First off, all bourbon is whiskey but not all whiskey is bourbon. Whiskey can be made anywhere in the world. However, bourbon was born and raised on American soil. So in 1964, Congress declared this unique spirit “a distinctive product of the United States”. With strict rules and regulations for the production of “America’s Native Spirit”, not any ole’ whiskey (foreign or domestic) can take claims to the name “bourbon”.

To properly produce bourbon, the dry grain mixture must consist of (no less than) 51% corn – along with other ingredients such as rye and wheat. Corn being a sweet grain, many distillers often use 65-70% corn. “The more corn, the sweeter the whiskey.” The grains are then milled, so that the fine mixture can be combined with fresh spring water. This is the part where our Kentucky neighbors say, “One of the reasons we make so much bourbon here in Kentucky is because of our water. The water filters through the limestone, picking up calcium and removing iron. Quality water, for quality bourbon.”

The grain and water mixture is then cooked under pressure, in order to create the “mash” for fermentation. Once the mash has cooled, malted barley is then added – allowing the starches to be turned into sugars. This mixture is then pumped over to a fermenter, and yeast is added. As the yeast feeds on the sugars of the mash, cO2 and alcohol are produced while generating heat. After 3-4 days of this process, the yeast dies off and the mash has now evolved into a low alcohol content “wash” or “distiller’s beer”. The liquid is then distilled, producing a clear spirit ranging anywhere between 65-80% alcohol – aka, unaged whiskey. This whiskey is poured into brand new, charred, white oak barrels, and then placed into a warehouse to age for 2 or more years.

There are currently more than 20 working bourbon distilleries in the state of Kentucky, making more than 200 of the world’s most beloved brands – resulting in a 95% contribution to the bourbon industry. Why?

  1. The ease of growing corn. Kentucky’s fertile soil allows corn to be a dominant grain of the state.
  2. With the demand of fresh spring water, ideal for bourbon production, many distilleries have been built near springs. Kentucky is located on a large limestone layer that filters out iron and unwanted minerals while collecting sweet-tasting calcium and magnesium. This not only allows but encourages distilleries to use the local water supply.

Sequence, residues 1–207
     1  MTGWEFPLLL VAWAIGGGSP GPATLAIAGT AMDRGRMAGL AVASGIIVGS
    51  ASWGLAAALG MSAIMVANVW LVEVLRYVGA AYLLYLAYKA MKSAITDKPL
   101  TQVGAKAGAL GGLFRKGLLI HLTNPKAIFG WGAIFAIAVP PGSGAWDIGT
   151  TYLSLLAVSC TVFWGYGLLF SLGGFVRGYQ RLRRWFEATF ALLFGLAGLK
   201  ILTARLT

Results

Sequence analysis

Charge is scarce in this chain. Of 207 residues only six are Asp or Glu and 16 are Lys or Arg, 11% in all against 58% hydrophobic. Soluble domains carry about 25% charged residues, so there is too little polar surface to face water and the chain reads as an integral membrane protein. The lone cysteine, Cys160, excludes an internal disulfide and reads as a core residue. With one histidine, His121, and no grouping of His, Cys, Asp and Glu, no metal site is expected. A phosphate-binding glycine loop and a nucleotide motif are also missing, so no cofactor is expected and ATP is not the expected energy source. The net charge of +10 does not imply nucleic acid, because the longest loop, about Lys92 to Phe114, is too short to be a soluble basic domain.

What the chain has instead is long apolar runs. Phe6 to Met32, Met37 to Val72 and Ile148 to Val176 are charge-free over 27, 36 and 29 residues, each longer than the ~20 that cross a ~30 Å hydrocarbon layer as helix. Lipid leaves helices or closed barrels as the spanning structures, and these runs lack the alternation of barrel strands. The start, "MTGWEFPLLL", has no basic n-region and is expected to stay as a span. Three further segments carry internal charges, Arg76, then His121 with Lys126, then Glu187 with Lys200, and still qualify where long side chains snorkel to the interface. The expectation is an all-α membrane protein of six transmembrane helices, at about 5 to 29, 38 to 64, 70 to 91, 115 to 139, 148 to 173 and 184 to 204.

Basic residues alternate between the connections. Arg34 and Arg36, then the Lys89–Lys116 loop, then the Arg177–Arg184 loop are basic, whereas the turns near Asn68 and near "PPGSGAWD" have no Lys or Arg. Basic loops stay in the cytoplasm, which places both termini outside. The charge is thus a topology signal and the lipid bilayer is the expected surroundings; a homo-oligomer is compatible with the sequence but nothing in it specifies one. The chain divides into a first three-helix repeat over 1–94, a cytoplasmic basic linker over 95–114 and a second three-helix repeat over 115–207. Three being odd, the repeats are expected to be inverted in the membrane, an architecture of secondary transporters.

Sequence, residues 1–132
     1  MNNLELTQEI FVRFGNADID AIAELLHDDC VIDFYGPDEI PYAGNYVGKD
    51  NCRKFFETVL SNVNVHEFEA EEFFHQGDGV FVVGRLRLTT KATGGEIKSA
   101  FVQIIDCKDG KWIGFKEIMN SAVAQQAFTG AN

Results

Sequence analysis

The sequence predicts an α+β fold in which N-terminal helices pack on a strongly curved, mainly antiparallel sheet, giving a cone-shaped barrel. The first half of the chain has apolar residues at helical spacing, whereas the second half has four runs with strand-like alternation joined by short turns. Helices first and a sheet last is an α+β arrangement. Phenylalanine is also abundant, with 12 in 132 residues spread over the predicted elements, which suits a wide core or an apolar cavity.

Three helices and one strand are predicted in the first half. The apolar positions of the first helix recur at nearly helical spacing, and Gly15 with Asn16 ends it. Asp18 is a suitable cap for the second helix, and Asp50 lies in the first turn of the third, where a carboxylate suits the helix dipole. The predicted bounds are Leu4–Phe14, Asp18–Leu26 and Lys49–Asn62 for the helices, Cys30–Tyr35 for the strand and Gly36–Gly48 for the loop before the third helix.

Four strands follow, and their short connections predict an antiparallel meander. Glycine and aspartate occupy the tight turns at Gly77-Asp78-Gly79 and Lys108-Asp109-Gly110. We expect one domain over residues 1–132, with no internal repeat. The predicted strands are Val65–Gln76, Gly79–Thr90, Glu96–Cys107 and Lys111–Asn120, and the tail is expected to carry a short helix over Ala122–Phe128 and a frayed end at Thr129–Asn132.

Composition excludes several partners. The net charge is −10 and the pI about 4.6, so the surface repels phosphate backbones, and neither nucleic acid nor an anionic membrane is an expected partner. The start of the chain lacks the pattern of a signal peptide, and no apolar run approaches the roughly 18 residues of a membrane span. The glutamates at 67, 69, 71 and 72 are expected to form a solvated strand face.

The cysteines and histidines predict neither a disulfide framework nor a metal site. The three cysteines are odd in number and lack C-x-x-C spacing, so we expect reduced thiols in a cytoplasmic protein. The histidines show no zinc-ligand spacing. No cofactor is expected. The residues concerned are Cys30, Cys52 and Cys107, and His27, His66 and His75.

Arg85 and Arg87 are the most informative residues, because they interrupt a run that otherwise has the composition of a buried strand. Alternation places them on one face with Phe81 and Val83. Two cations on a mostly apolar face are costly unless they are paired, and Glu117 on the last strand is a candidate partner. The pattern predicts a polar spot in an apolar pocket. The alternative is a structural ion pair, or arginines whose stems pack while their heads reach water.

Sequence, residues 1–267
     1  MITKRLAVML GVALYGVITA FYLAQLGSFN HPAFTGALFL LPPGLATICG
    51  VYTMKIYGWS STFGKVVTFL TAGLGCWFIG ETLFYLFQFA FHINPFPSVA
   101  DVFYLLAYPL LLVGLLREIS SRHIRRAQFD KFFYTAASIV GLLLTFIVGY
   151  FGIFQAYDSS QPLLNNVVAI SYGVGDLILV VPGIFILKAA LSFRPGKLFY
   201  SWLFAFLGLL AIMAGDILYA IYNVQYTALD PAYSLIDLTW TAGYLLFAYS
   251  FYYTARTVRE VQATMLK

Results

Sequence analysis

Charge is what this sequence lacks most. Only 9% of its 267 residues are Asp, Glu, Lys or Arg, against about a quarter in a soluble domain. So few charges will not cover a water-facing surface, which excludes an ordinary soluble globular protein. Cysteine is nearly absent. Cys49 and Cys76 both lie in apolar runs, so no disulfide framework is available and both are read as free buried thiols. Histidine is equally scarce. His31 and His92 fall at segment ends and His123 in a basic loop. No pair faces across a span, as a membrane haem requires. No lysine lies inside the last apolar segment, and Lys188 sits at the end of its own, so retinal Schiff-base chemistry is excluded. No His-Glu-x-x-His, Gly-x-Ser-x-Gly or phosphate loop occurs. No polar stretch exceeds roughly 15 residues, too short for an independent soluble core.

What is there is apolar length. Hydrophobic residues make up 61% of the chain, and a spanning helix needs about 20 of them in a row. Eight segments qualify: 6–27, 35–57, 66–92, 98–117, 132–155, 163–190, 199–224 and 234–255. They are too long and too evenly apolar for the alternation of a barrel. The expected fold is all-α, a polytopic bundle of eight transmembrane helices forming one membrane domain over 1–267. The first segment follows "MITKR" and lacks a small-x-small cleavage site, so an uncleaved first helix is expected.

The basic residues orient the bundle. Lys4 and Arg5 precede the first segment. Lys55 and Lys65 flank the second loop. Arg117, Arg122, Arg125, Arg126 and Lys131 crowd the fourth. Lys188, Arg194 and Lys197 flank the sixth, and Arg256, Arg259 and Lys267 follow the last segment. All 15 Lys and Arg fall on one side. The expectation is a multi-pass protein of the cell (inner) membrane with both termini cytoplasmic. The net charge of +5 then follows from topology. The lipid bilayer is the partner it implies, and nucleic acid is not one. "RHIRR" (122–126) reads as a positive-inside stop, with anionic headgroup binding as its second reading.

3. A wide range in temperature between seasons in the state, cold winters and hot summers, allows the charred oak barrels to absorb and release the bourbon during the aging process. This gives the spirit its distinctive color and taste.
  4. Although the original inspiration for the whiskey’s name has yet to be proven – Bourbon County, KY is a real place.

The state of Kentucky prides itself on the history of their bourbon production, and rightfully so. Against all odds, who else (if anyone) dares to dip into an industry ruled by the bluegrass state? Balcones Texas Blue Corn Bourbon, Wigle organic Pennsylvania Bourbon, New York’s Kings County Peated Bourbon– the list goes on! There are bourbons being made all over the USA. Even better, reviews are giving these upcoming distilleries two thumbs up.

In fact, Marianne Eaves – who holds a place in history as “Kentucky’s First Female Bourbon Master Distiller since Prohibition”, was recruited to serve as Master Blender of a new Tennessee brand, Sweetens Cove. Starting with 100 exclusive barrels of 13-year aged Tennessee product, Marianne’s “meticulous process of blending” began. With whispers of, “caramel and vanilla aromas” and “oak, sweet and spicy” with a “lasting smoke finish” … many have become curious.

The ultra-premium Tennessee bourbon was released May 26, 2020.

As distilleries emerge all over the country, the bourbon industry has clearly proven itself to be successful. With rising expectations from seasoned bourbon connoisseurs, distillers, and newcomers alike – the demand for this cult product is growing exponentially. And whether anyone likes it or not, it’s growing above and beyond the Mason Dixon line.

http://www.whiskeyprof.com/basic-distilling/
https://kyforky.com/
https://www.history.com/news/how-kentucky-became-the-worlds-bourbon-capital
http://blog.distiller.com
http://whisky.com